First things first, I have to admit that over the years, I have enjoyed reading Baradwaj Rangan's 'Dispatches from the Wall Corner'. As a movie critic, he has been truly different from most of his ilk, and whether it is his movie reviews or columns related to cinema, they have more often than not made for a fluid read. Hence, when compilation of his work over the years appeared in the form of 'Dispatches from the Wall Corner', I was truly excited. I have been told that the book has been available for a while. Unfortunately, I couldn't quite locate it on the shelves for a long time but now that I have managed to do so, I can pretty much say that I am delighted.
Generally a book that basis its core on a headline like 'A Journey Through Indian Cinema' threatens to turn into a boring read. It either becomes a whitepaper of sorts or begins to narrate a chronicle from the silent era to the current times while throwing references to classics and commercial successes over the decades. Hence, there was a wee bit apprehension that did set in when I saw such a headline on the book's cover.
Thankfully though, Baradwaj does none of that in this voluminous 600 odd page affair. With the likes of Amitabh Bachchan, Rajinikanth, Kamal Haasan and Deepika Padukone on the cover page, he makes his intent clear that he is catering to legendary actors as well as the fresh blood, while navigating between Bollywood and South cinema.
He does manage that well and though at places it does appear to be a tad academic, overall the book does make for an engaging read.
To ensure that you are interested right through the book and fluctuate between one kind of write up to another, he divides the book in six sections - Actors, Hindi Cinema, Directors, Music, Tamil Cinema and Reviews. Of course, it was the last segment that pulled me to the book in the first place. However, the fact that he indulges in writing chapters of a different kind as well managed to bring in added variety.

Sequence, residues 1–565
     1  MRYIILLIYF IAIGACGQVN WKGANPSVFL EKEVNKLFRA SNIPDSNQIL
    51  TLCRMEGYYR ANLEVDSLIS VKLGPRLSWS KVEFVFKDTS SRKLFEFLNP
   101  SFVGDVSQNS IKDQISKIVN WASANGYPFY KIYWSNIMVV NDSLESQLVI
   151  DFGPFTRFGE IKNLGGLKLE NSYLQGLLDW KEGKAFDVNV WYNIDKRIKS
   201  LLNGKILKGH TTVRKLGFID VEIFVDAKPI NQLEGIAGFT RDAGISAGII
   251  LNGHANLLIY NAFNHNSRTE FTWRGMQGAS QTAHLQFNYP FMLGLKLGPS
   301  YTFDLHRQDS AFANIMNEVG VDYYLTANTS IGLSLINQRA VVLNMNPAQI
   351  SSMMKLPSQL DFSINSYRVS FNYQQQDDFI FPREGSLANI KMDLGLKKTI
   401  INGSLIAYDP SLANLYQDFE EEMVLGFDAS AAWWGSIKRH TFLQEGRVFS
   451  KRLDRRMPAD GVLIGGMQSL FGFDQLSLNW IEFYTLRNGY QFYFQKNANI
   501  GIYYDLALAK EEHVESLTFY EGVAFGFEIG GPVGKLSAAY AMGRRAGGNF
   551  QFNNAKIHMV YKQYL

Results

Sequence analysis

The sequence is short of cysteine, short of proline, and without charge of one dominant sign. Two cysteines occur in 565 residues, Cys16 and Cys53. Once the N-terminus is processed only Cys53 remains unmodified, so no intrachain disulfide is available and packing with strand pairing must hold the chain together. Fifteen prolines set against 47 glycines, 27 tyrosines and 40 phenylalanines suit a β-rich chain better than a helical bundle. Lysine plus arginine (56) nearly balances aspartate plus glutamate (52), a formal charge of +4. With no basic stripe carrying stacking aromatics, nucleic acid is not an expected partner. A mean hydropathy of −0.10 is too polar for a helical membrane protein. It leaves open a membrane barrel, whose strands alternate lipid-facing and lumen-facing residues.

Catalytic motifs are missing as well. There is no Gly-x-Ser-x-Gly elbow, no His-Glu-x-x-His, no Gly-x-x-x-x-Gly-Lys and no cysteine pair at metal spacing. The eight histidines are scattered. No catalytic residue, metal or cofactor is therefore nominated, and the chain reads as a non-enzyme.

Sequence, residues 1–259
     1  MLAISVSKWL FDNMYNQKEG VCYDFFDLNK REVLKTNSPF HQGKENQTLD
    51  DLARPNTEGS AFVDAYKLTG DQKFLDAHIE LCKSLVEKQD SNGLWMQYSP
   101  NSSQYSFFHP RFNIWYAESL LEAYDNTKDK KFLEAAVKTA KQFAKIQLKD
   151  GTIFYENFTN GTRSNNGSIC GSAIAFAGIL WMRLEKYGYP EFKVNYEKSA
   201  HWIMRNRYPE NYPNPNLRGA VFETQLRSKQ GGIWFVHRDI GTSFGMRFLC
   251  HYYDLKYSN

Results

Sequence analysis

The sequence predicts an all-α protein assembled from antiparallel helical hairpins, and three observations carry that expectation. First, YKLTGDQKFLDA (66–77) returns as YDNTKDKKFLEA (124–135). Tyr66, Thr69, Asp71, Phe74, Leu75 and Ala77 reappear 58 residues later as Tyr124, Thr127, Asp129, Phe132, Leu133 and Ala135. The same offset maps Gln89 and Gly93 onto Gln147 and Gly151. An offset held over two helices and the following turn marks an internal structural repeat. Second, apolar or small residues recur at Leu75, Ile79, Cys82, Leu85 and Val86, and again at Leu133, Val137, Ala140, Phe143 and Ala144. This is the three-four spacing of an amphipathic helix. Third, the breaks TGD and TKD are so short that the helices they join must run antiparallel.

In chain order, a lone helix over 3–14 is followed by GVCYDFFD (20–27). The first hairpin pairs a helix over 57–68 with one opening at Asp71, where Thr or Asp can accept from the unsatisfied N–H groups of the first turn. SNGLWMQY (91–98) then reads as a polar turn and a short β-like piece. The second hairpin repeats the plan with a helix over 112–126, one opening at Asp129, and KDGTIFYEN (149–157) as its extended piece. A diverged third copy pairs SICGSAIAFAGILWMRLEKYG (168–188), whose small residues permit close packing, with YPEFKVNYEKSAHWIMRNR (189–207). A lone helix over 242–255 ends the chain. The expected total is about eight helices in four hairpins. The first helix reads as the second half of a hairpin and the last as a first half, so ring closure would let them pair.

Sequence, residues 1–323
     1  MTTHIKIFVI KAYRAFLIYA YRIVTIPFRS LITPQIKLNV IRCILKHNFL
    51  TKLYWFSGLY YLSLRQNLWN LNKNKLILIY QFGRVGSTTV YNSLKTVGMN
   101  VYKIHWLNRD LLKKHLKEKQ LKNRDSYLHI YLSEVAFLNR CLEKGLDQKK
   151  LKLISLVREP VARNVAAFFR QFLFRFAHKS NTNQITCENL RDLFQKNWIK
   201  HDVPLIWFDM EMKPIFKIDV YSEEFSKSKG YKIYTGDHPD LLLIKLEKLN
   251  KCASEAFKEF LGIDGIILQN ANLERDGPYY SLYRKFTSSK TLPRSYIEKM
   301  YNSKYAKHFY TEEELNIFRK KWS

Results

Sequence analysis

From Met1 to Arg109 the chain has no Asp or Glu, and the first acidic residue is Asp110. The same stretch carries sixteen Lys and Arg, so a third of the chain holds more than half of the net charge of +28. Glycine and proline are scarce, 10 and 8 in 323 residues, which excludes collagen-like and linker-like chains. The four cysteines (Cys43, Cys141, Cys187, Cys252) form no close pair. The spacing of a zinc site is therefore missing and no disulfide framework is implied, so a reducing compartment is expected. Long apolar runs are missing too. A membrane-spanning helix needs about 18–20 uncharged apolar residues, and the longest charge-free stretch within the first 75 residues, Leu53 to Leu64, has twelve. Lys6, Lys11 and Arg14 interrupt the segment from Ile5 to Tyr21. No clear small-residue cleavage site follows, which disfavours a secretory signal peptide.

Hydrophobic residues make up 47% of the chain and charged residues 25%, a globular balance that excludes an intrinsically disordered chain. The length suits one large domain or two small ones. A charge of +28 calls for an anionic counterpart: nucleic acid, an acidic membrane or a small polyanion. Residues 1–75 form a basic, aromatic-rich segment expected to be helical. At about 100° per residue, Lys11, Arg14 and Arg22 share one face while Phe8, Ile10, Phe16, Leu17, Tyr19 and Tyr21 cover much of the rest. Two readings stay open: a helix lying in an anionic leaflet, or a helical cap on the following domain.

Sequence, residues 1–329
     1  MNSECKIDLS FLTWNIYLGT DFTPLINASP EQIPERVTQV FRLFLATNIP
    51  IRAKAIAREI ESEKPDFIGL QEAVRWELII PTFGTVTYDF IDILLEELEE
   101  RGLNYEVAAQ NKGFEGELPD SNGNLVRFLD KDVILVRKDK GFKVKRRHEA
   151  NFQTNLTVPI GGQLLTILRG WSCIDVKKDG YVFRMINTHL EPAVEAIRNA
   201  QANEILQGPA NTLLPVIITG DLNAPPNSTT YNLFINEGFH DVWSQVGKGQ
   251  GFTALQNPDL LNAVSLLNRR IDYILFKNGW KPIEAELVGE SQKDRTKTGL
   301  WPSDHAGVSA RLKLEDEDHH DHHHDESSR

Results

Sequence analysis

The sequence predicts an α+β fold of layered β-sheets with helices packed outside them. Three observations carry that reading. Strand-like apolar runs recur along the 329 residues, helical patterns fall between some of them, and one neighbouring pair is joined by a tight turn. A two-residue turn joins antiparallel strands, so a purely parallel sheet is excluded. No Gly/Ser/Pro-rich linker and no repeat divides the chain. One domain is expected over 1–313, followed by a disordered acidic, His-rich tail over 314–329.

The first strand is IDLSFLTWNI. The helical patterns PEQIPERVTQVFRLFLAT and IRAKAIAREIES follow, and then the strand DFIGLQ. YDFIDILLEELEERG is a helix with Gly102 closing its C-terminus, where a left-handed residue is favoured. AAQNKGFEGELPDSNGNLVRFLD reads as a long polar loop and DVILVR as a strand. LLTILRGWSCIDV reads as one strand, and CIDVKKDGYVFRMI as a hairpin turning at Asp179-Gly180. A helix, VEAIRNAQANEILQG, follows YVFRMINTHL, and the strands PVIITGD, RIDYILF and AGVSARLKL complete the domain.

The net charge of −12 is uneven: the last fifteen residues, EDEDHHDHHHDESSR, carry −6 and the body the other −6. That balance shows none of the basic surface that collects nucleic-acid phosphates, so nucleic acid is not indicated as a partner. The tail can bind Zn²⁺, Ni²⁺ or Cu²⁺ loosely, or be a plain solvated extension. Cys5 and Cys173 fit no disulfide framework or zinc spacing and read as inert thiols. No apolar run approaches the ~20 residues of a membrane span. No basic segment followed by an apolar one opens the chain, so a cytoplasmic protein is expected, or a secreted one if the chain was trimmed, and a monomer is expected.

What is notable is that amongst his chosen subjects, he doesn't necessarily take a conventional route. So while the aforementioned actors certainly feature in the first few pages itself, it is remarkable to see the likes of Nirupa Roy, Sarika, Joy Mukherjee and Feroz Khan have a chapter each dedicated as well. Ditto for the directors segment where he brings on Ram Gopal Varma, Prakash Mehra and Shankar too.
Meanwhile, his many chapters more often than not touch upon topical tales, which are entertaining, informative and incisive, something that ensures that you do move on to the next one quick enough. Of course, this also means that at places one does get fatigued since there is so much in the offering by Baradwaj. Hence, you can't really finish off this book in one go. It isn't as much about interest as it is about focus as too much of anything isn't always quite good.
Hence, mid-way through the chapters, I moved on to the reviews, which take up almost half the book. With movies being covered from the days of Swades to 2 States, there are as many as 65 odd films that see an opinion from Baradwaj. A few of these are also Tamil films which are informative to go through as well. Also, it is nice to see a different kind of perspective from the critic as he writes like someone who truly loves cinema, and isn't just putting together some words because it is either his job or he is waiting to rip apart his film.
Just as is the case with any creative person, you can't really agree or disagree with his work 100%. Same is the case with Baradwaj and his many views in the book as well. However, the fact that he aims at a fair play is what makes 'Dispatches from the Wall Corner' a good read.
Price: Rs. 699/=
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